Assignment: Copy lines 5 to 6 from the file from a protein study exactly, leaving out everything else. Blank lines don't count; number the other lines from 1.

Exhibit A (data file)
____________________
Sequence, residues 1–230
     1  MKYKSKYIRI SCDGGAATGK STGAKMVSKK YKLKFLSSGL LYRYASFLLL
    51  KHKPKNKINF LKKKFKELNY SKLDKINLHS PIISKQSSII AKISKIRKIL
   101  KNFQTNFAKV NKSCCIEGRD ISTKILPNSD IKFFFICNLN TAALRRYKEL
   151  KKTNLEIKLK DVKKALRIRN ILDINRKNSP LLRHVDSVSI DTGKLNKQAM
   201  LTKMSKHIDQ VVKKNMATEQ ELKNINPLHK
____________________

   151  KKTNLEIKLK DVKKALRIRN ILDINRKNSP LLRHVDSVSI DTGKLNKQAM
   201  LTKMSKHIDQ VVKKNMATEQ ELKNINPLHK